38-Year-Old Second Baseman – Free Agent
2016 Fantasy Baseball Outlook
There was no outlook written for Willie Bloomquist in 2016. Check out the latest news below for more on his current fantasy value.
Willie Bloomquist Contract Information:
Agreed to a two-year, $5.8 million deal with the Mariners in December of 2013.
Bloomquist was released by the Mariners on Monday, MLB.com's Greg Johns reports.
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|2010 (Multiple Teams)||32||MAJ||KAN/CIN||83||199||187||31||50||14||10||1||3||17||8||5||9||28||2||1||0||.267||.299||.380||.679|
|Career (View All)||1055||3,136||2,891||398||777||151||110||23||18||225||133||51||189||494||25||15||16||.269||.316||.341||.657|
Willie Bloomquist: MLB Games Played By Position
Willie Bloomquist Split Stats (View Full Split Stats)
|Year||Age||Lg||Tm||PA||AB||Walk Rate||Strikeout Rate||BB/K Ratio||Contact Rate||BABIP||Isolated Power|
|2010 (Multiple Teams)||32||MAJ||KAN/CIN||199||187||4.5%||14.1%||0.32||85%||.301||.113|
2015 Stat Review for Willie Bloomquist As compared to the top 200 hitters in 2015 (min 420 PA)
Good contact skills often lead to better fantasy stats.
SLG and ISO are useful indicators of power.
Patience at the plate often leads to positive outcomes.
A couple of useful stats for evaluating a hitter.
Willie Bloomquist: Past News Updates ( ▲ View most recent update )
RotoWire's Preseason Outlooks
There was no outlook written for Willie Bloomquist.
Injuries shortened Bloomquist's year for the third consecutive season in 2014 as he underwent season-ending knee surgery in August. When he was healthy, he filled the typical Bloomquist role – an adequate utility player with an empty batting average and poor on-base skills. He'll resume that role this season with one year left on the two-year deal he signed with the Mariners last offseason. Even if a starter went down with an injury, the team likely would turn to the farm before giving Bloomquist an everyday job.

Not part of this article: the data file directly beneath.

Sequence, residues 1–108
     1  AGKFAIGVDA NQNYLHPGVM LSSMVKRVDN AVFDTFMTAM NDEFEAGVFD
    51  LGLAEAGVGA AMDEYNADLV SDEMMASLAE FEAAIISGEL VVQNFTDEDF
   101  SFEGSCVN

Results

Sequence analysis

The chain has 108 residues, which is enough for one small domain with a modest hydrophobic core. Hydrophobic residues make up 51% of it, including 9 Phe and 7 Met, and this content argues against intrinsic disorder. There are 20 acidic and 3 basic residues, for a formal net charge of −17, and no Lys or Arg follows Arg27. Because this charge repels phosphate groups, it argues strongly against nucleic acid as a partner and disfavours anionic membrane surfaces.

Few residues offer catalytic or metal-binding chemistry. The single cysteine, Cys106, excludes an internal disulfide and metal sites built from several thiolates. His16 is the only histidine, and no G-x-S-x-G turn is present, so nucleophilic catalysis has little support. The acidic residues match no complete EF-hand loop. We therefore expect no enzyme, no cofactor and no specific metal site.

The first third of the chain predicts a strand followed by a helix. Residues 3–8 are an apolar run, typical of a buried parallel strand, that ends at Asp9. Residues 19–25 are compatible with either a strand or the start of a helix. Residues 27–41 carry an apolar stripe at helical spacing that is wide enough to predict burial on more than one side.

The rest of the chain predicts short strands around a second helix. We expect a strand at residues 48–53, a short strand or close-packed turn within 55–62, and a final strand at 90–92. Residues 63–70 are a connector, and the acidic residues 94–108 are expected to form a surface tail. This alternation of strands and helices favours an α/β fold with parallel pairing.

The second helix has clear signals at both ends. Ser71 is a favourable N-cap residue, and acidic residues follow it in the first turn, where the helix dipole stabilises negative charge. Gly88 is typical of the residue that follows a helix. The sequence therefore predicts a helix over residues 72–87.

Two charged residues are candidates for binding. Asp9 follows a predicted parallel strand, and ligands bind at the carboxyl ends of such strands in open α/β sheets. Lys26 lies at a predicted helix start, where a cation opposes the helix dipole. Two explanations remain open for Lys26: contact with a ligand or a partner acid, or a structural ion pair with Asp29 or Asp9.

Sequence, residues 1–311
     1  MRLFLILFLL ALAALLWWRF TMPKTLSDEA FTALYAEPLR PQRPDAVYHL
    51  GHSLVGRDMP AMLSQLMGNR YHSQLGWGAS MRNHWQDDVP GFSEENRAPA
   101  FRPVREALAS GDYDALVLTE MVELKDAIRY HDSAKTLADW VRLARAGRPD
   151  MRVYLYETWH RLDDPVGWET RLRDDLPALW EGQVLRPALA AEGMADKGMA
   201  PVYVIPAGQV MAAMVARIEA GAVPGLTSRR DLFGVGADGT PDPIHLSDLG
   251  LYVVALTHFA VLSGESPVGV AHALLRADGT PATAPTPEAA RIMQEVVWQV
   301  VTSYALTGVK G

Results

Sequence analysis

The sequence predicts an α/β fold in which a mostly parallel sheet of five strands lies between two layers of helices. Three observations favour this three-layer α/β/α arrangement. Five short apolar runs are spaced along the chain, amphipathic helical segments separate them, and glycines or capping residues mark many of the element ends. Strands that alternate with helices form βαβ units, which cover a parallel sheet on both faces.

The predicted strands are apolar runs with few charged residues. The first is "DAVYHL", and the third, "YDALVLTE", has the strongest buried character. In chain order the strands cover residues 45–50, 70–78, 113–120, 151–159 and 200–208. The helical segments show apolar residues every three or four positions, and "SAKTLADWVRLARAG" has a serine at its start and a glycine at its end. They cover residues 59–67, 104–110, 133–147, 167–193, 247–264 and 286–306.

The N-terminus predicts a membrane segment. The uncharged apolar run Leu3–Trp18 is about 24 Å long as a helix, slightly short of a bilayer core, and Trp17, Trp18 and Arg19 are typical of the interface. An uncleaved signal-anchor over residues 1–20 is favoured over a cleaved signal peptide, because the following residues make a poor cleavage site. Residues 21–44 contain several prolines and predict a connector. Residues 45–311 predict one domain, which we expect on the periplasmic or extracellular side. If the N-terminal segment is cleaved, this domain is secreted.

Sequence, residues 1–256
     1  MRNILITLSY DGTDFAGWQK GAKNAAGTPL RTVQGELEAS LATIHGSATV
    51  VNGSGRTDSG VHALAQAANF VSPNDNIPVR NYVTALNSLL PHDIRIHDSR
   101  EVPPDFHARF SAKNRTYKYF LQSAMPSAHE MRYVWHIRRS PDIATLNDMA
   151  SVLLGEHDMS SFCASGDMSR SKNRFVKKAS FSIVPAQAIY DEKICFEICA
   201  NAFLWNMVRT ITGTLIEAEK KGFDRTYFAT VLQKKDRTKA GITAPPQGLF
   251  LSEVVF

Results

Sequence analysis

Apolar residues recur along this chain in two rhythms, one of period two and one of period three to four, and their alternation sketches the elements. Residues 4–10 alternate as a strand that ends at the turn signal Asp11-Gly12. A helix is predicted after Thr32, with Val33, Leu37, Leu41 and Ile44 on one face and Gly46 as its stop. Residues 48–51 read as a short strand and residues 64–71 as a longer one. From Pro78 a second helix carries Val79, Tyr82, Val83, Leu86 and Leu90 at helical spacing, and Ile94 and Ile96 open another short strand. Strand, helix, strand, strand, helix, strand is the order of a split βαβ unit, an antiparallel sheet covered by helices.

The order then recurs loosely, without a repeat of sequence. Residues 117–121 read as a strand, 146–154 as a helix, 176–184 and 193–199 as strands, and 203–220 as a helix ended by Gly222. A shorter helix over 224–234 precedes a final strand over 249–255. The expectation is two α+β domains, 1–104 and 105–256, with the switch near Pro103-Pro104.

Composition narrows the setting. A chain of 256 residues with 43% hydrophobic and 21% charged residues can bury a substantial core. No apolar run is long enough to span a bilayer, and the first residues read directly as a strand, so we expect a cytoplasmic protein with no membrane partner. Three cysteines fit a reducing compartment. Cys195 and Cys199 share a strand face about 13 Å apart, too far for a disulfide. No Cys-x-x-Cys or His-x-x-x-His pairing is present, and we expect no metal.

Unfortunately for Bloomquist, 2013 was marred by two lengthy disabled list trips. When he played, he was plenty serviceable, as evidenced by his .317 average and .360 OBP. He returned to a familiar place as a free agent during the winter, signing a deal to serve as the Mariners' utility infielder just prior to the addition of Robinson Cano. Bloomquist figures to handle a limited role across multiple defensive positions for Seattle in 2014.
Back injuries held Bloomquist to 10 at-bats after the end of July, and he missed out on a significant run of playing time at short as a result when the D-Backs traded away Stephen Drew. Offensively, his numbers were similar to his part-time results from 2011, but the biggest disappointment was his 7-for-17 mark as a basestealer. Now 35, Bloomquist is best suited to make situational starts against left-handed pitching and for occasional use off the bench, while his value in deeper formats has officially dried up if he's unable to steal 15-20 bases in that role.
Bloomquist spent more time at shortstop than the D-Backs anticipated in 2011, thanks to two Stephen Drew injuries. He did enough in that time to earn a two-year deal during the offseason, but the only significant value he'll provide comes from stolen bases. With Drew working his way back from a fractured ankle and surgery to repair a sports hernia, Bloomquist could see an uptick in playing time out of the gate. Still, it's tough rely on him to be more than a middle-infield filler in deeper formats.
Bloomquist's value stemmed from his stolen bases and multi-position eligibility, but both were wiped out in 2010. He was limited to far fewer plate appearances and ended up qualifying only as an outfielder in most leagues for 2011 and stole just eight bases after swiping 25 in 2009. A free agent at press time, Bloomquist will have to settle for a utility role wherever he lands.